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Consumers' own and Finland's economy

In December, only 24 per cent of consumers believed that Finland’s economic situation would improve during the next 12 months, while as many as 27 per cent of them thought that the country’s economy would deteriorate. In November, the corresponding proportions were 25 and 24 per cent, and in December last year 51 and 8 per cent.

In all, 28 per cent of consumers believed in December that their own economy would improve and 13 per cent of them feared it would worsen over the year. One month earlier, the corresponding proportions were 29 and 11 per cent, and one year earlier 30 and 11 per cent.

Unemployment and inflation

Altogether 35 per cent of consumers thought in December that unemployment would decrease over the year, while 22 per cent of them believed it would increase. The shares were 42 and 19 per cent in November and 47 and 16 per cent one year ago.

In December, 29 per cent of employed persons felt that they were not threatened by unemployment at all. Seventeen per cent of employed persons reckoned that their personal threat of unemployment had lessened over the past few months, while 10 per cent thought it had grown.

Consumers predicted in December that consumer prices would go up by 2.2 per cent over the next 12 months. One year ago, the predicted inflation rate was 1.6 per cent, and its long-term average is 2.1 per cent.

Saving and taking out a loan

In December, 71 per cent of consumers considered the time favourable for saving. The long-term average proportion is 59 per cent. In December, 70 per cent of households had been able to lay aside some money and 80 per cent believed they would be able to do so during the next 12 months.

In December, 61 per cent of consumers regarded the time favourable for raising a loan. One year previously, the corresponding proportion was still 76 per cent. This December, 12 per cent of households were thinking of taking out a loan within one year.

Buying of durable goods

In December, 40 per cent of consumers thought that the time was favourable for buying durable goods. Twelve months earlier, 46 per cent of consumers thought so. Fewer than usual, or 14 per cent of households were fairly or very certain to buy a car during the next 12 months. Just six per cent of households considered buying a dwelling. In December, 18 per cent of households were planning to spend money on renovating their dwelling within a year.

When intending to buy both a dwelling and a car in December, the clearly most common planned method of financing was the sales revenue received from the former dwelling or car (most important for 41 and 52 per cent of the planning households). The next most planned financing methods were a bank loan and own savings and hire purchase for a car.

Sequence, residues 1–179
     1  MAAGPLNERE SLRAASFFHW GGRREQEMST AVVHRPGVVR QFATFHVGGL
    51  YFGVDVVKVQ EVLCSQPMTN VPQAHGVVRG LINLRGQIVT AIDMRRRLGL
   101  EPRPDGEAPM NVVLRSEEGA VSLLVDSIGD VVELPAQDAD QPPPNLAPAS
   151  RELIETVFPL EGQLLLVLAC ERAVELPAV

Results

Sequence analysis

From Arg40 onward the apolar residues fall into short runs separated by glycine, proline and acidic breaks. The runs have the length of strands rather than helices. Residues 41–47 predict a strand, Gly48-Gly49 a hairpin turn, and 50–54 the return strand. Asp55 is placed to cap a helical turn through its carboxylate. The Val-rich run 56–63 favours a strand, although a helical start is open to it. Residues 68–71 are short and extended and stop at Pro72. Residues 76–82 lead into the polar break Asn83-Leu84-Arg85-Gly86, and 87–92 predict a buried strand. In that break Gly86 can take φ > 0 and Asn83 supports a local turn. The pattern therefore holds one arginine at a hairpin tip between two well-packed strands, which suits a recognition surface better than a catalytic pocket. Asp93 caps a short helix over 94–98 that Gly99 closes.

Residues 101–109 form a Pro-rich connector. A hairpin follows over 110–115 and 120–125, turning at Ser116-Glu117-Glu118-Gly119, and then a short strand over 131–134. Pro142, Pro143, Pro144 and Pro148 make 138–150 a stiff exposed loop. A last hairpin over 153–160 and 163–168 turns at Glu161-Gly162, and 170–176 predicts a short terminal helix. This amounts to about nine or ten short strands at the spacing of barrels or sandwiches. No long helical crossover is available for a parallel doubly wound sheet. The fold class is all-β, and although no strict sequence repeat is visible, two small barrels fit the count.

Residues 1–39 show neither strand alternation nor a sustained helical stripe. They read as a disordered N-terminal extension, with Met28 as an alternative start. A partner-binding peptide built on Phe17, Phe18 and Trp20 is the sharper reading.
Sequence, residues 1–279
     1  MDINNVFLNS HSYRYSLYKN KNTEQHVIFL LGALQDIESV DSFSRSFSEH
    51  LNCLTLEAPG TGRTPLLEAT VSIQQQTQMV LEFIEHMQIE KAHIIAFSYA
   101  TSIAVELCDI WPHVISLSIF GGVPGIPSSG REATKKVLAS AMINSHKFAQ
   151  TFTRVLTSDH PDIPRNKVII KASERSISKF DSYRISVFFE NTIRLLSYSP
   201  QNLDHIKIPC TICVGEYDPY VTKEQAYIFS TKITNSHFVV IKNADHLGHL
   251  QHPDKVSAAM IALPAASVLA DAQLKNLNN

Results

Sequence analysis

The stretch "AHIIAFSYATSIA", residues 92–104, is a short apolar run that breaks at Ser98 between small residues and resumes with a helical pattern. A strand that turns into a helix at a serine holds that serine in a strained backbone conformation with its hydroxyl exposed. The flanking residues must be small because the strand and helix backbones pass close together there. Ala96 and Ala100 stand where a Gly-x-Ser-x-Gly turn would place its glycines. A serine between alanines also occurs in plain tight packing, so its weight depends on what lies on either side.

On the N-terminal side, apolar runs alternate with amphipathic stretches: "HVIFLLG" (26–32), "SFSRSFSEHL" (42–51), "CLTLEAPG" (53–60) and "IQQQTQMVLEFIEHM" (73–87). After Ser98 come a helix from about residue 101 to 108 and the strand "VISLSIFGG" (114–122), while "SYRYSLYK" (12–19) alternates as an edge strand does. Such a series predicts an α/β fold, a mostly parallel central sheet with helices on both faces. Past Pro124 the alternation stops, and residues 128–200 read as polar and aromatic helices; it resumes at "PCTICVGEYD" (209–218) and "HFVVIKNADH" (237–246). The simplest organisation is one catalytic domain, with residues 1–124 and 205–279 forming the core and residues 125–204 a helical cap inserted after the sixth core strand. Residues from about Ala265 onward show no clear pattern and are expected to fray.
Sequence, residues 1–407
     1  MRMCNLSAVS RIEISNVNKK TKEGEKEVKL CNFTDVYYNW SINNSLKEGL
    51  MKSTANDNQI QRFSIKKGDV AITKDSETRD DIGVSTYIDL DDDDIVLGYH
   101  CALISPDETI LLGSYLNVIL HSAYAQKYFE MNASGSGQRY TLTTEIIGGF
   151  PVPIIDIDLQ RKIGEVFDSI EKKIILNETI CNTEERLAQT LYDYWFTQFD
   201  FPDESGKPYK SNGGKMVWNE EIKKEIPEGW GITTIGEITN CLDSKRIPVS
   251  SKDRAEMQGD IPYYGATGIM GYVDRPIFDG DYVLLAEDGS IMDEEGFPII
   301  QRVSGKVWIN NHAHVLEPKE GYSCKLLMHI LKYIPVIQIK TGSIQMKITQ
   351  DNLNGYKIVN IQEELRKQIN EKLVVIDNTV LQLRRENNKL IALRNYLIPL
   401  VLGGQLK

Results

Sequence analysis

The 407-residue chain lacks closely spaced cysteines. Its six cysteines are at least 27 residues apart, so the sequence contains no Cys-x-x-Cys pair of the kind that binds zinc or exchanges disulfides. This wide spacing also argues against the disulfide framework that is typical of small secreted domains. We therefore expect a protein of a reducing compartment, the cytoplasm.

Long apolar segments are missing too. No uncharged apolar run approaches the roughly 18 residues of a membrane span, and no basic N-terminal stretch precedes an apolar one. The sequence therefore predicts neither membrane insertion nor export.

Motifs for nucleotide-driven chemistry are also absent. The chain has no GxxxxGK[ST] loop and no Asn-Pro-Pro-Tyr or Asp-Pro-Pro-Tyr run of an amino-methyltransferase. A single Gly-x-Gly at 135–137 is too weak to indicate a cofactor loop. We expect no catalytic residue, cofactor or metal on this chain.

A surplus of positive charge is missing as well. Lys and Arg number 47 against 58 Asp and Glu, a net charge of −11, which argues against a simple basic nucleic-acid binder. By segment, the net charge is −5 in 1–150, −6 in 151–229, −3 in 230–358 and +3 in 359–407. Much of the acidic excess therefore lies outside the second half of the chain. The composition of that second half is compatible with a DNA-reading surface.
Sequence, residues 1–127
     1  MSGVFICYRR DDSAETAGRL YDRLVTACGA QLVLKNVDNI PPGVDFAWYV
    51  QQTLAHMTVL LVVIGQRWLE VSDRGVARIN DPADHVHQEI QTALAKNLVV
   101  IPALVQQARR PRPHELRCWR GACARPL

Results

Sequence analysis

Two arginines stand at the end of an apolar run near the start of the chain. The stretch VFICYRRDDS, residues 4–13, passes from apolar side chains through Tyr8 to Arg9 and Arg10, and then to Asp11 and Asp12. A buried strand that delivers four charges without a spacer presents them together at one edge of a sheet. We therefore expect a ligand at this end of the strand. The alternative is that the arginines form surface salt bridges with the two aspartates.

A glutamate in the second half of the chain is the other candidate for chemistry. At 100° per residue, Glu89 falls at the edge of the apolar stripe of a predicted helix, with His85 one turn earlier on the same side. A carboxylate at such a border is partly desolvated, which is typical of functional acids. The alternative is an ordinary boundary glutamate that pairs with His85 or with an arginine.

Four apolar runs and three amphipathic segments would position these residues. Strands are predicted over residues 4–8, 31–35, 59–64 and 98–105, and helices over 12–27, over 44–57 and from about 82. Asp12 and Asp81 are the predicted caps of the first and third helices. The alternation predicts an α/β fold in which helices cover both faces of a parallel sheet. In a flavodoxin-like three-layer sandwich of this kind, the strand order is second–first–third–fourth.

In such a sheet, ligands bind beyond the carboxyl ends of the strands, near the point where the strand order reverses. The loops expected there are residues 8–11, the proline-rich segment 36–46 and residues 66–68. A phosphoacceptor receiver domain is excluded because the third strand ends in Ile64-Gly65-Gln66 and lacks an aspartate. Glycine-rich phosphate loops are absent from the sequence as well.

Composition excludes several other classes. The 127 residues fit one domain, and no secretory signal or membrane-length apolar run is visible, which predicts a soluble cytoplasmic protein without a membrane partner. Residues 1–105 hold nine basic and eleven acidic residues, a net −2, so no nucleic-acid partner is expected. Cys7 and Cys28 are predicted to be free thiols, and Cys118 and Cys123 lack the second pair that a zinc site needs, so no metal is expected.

Method of the Consumer Survey

The Consumer Survey is a telephone interview survey by means of which it is possible to measure Finns’ images - assessments and expectations - of the general economic development and the financial situation of one's own household, and intentions to make major purchases, save money or take out a loan. In addition, the survey is a tool for finding out how common modern equipment are in households. For the Consumer Survey, answers are given by means of answer options (qualitative survey).

The first Consumer Survey interviews were conducted in November 1987. Until 1991, the survey was carried out twice a year, in May and November. In 1992, the survey times increased to four: the survey months were February, May, August and November. Since October 1995, the Consumer Survey data have been collected monthly on assignment and partial financing of the European Commission .

Sampling and data collection

The population of the Consumer Survey comprises 4.5 million persons aged 15 to 84 and their 2.7 million households in Finland. A sample of 2,350 persons is drawn for the survey for every month. The same sample is also used for the data collection of the Finnish Travel Survey. The target area is the whole country and the respondents of the survey represent the population in Finland, according to age, gender, region of domicile and native language. The interviews are mainly conducted from Statistics Finland's Telephone Interview Centre (CATI), during the first two or three weeks of the month.

In December 2018, in all, 1,236 responses were gained, so the non-response rate of the survey was 47.4 per cent. The non-response rate includes those who refused from the survey or were otherwise prevented from participating, as well as those who could not be contacted. Possible over-coverage (dead, moved abroad etc.) is also included in non-response here.


The response data of the Consumer Survey are expanded to the whole population with weighting coefficients. Weighting corrects the effects of non-response and improves the statistical accuracy of the data. The weights are established by using a calibration method (Calmar) and the probability of each observation to be included in the sample. The figures and series presented are not seasonally adjusted.

For more information, see Methodological description .

Source: Consumer Survey 2018, December. Statistics Finland

Inquiries: Pertti Kangassalo 029 551 3598, Tuomas Parikka 029 551 3276,

Director in charge: Jari Tarkoma

Updated 27.12.2018

Referencing instructions:

Official Statistics of Finland (OSF): Consumer Confidence [e-publication].
ISSN=2669-8889. December 2018, Review . Helsinki: Statistics Finland [referred: 27.9.2023].
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